First, Tally Arbiter Cloud! Now you can send tally data from your local instance of Tally Arbiter to a server in the cloud. Anyone can connect to your cloud server without having to tunnel into your private production network. And, if you are doing remote production with switchers in multiple physical locations or networks, each location can run an instance of Tally Arbiter and the cloud server can aggregate all of the data together in real time! All you need in order to make a connection is a Cloud Key provided by the local client that matches on the server. Keys can be made and revoked at any time.
I’ve set up an Amazon EC2 instance running Ubuntu, with Tally Arbiter running on it. I set a cloud key and set up a cloud destination on my local server to send the data to the server running on EC2. Now, I can log into my EC2 server’s Tally Arbiter web interface and view the tally data from anywhere without having to VPN to the church network. This will make it easy for volunteers to use their personal phones to view tally without having to be in the private network.
Here is a video to show it in action:
Second, Feedbacks and Control through Bitfocus Companion on your stream deck! Companion 2.1 is out now, and if you run the latest build, you can use the new “TechMinistry Tally Arbiter” module to view live tally data from Tally Arbiter on any button on your stream deck. It also supports the ability to “flash” any connected listener client.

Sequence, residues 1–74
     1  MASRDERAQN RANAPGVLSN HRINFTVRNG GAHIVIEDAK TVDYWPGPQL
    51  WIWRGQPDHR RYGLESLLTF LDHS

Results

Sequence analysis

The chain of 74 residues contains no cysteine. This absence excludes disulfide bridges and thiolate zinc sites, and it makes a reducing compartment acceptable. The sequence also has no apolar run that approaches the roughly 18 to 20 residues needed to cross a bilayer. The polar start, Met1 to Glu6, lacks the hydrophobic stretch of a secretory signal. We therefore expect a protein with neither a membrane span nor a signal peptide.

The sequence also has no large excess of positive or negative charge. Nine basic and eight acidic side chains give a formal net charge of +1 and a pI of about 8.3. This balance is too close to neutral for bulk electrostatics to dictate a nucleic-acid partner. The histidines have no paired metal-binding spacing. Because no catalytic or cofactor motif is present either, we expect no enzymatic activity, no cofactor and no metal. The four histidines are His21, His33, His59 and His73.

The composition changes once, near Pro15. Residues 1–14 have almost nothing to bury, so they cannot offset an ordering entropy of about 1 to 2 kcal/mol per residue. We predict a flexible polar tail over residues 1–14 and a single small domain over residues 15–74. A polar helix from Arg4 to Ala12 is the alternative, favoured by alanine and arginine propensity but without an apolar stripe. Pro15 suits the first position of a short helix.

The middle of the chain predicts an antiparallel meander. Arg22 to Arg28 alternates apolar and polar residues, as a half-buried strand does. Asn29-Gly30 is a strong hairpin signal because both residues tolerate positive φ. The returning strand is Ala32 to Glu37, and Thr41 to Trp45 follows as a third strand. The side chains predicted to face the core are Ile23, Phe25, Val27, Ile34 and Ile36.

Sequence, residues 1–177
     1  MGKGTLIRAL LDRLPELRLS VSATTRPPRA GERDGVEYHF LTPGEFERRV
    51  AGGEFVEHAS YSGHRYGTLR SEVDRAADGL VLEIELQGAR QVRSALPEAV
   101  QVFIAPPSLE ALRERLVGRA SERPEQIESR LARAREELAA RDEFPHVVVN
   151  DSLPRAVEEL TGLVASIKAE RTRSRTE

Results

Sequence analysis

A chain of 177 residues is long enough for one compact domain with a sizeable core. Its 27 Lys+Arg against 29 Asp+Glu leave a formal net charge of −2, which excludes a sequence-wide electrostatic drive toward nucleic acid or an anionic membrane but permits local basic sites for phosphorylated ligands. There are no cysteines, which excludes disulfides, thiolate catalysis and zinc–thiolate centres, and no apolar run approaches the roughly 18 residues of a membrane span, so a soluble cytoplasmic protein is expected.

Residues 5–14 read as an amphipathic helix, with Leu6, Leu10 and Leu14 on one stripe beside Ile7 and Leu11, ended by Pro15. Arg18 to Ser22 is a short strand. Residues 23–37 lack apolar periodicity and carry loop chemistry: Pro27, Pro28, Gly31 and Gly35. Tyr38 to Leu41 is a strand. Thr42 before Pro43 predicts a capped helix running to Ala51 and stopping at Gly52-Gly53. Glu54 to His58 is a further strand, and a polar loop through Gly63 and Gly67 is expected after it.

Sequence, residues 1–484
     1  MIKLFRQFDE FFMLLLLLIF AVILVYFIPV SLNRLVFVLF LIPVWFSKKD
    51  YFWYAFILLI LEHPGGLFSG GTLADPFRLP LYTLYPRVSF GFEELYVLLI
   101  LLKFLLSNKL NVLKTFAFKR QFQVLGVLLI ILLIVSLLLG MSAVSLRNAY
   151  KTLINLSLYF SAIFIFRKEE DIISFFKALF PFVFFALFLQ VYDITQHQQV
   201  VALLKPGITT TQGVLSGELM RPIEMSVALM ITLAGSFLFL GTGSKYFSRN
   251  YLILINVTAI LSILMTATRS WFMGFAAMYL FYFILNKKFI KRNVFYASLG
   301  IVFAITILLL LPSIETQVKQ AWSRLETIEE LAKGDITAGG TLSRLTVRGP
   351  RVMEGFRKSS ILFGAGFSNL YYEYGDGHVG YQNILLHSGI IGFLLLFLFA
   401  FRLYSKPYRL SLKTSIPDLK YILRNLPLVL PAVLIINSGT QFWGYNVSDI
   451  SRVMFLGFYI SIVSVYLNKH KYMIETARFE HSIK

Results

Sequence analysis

Third, a new tally listener client – the M5StickC! This is an inexpensive Arduino ESP32 “finger computer”. A friend of mine in the UK recommended this to me for a possible integration with the project. I bought mine off Amazon for $20 but you can buy them directly from the manufacturer for less than $10. It is a portable, easy-to-use, open source, IoT development board.
Programming this thing was fun because the code is all in C++ which I haven’t used since high school. The power of websockets and the socket.io protocol means that this microcontroller can connect to my Tally Arbiter server and communicate the same way any of the other listening clients do.
Here’s a video to show how it works and how to program one:
Version 1.3 of Tally Arbiter also comes with some other perhaps less exciting but still helpful updates:
- All Settings, REST API, and Producer page now require a Basic Auth username/password to access.
- In the settings or producer page, if you mouse over the preview and program boxes, Tally Arbiter will show you which sources currently have that device in that bus
- The settings page will now show the number of device sources and device actions assigned to a device in the list.
- Sources will now attempt to auto-reconnect if the connection is lost with a max retry of 5 times.
Lastly, I’ve set up a website for this project to help others who want to share about it. You can access it at: http://www.tallyarbiter.com
You can get the source code for Tally Arbiter and the listener clients from the Github repository: http://github.com/josephdadams/tallyarbiter
100% free and ready for you to use!
My hope is that this project enables churches and any organization who needs tally for their productions be able to attain it at a lower cost. I’ve put a lot of hours into developing this free software. If it is helpful to you, please let me know!